From the beaches and tropical weather to the theme parks and tourist attractions, the state of Florida has a lot to offer. The densely populated state is also the second most visited in the United States, after California. You might be a born and raised Floridian. Perhaps you're a potential or current retiree looking to enjoy the palm trees and ocean breeze. Maybe you're a young spring breaker or a family on vacation headed south to the coast. Whatever the case, you may be asking: Is it legal to smoke weed in Florida? Along with the rest of the country, Florida has seen changes to its marijuana policy in recent years, so it is important to know the laws and regulations of both recreational and medical marijuana if you find yourself in the Sunshine State.
Is Recreational Marijuana Legal in Florida?
Following the trend of other states in the southern part of the United States, recreational marijuana is illegal in Florida. The state has yet to pass any sort of legalization that allows for any person of any age to use marijuana, including smoking and other forms. Contrary to some beliefs, the city of Orlando is not exempt from this, and there are penalties across the state for those who use recreationally.
Someone possessing 20 grams or less of weed can be charged with a misdemeanor and up to one year in jail with a maximum fine of $1,000. Possession of any amount larger than that carries a felony charge and between there and 30 years of incarceration, plus fines between $5,000 and $200,000, with added punishment if the offense occurs within 1000 feet of a public area like a school or a park.
Selling marijuana in Florida carries mostly the same penalties as for possession, with 20 grams or less charged as a misdemeanor and anything larger landing a felony charge.
Possession, sale, manufacture, or delivery of hash and concentrates will be charged as a felony, with up to five years incarceration and a fine of up to $5,000. Any marijuana paraphernalia is a misdemeanor offense with one year of jail time and up to $1,000 fine. For a complete breakdown of penalties in Florida for illegal recreational use of marijuana, check out Norml's guide.
Is Medical Marijuana Legal in Florida?
According to Leafbuyer's Florida guide, medical marijuana has been legal in Florida since 2014. It was legalized by an act called the 2014 Compassionate Use of Low-THC and Medical Cannabis Act, also called the Compassionate Medical Cannabis Act of 2014 or the "Charlotte's Web" bill. (Charlotte's Web is a strain of cannabis—for more information on different strains, consult Leafbuyer.) Florida law has evolved since the initial legalization, passing Amendment 2, the Florida Medical Marijuana Act, in 2017 to expand the qualifying medical conditions.
The following conditions could now qualify you to apply to be a medical marijuana patient in the state of Florida, according to the Florida Department of Health:
- Post-traumatic stress disorder (PTSD)
- Amyotrophic lateral sclerosis (ALS)
- Crohn's disease
- Parkinson's disease
- Multiple sclerosis (MS)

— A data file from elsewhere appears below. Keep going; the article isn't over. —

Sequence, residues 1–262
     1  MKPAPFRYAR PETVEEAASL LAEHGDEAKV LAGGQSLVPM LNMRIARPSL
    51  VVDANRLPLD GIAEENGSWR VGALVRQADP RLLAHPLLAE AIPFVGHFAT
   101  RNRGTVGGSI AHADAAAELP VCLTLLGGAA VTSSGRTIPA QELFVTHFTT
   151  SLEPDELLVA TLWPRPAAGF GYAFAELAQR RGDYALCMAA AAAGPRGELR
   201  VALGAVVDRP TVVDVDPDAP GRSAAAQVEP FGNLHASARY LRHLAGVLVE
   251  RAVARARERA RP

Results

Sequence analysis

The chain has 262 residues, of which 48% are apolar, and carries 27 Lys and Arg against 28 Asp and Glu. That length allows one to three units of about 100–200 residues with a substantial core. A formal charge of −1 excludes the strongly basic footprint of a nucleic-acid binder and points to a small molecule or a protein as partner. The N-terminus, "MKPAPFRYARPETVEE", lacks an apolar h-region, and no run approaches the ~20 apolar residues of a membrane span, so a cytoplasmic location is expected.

- Medical conditions of the same kind or class as or comparable to those above
- A terminal condition diagnosed by a physician other than the qualified physician issuing the physician certification
- Chronic nonmalignant pain caused by a qualifying medical condition or that originates from a qualifying medical condition and persists beyond the usual course of that qualifying medical condition
Potential patients with any of the illnesses listed above must be Florida residents and be recommended by medical professionals. Those under 18 are eligible to apply, but a parent or legal guardian must be a caregiver for the young patient. Registered medical marijuana patients are added to Florida's Compassionate Use Registry, where they can then be verified by the Florida Office of Medical Marijuana Use and receive a card with which to purchase medical marijuana.
How Much Medical Marijuana Can I Get, and Where?
The regulations surrounding amount prescribed have changed over the years; Leafbuyer says that the aforementioned Amendment 2 "defines the amount of marijuana that could reasonably be presumed to be an adequate supply for qualifying patient’s medical use, based on the best available evidence. This presumption as to quantity may be overcome with evidence of a particular qualifying patient’s appropriate medical use." A 70-day supply has become standard.
It is illegal in the state of Florida to grow your own marijuana, in any amount. You must have a licensed cultivation facility to grow.
If you are a medical patient in search of a dispensary, Leafbuyer offers a location guide. At this time, it is still best to pay in cash at Florida weed dispensaries.
What Else Should I Know?
Marijuana cannot be consumed in public.
Operating a motor vehicle under the influence of weed is illegal in all senses.
Delivery is legal in Florida from dispensary to patient or from caregiver to patient.
Employers and workplaces are not required to allow the use of medical marijuana, even for registered patients.
Florida may follow states like Colorado and California and legalize recreational weed in the future, but no policy has yet been solidified.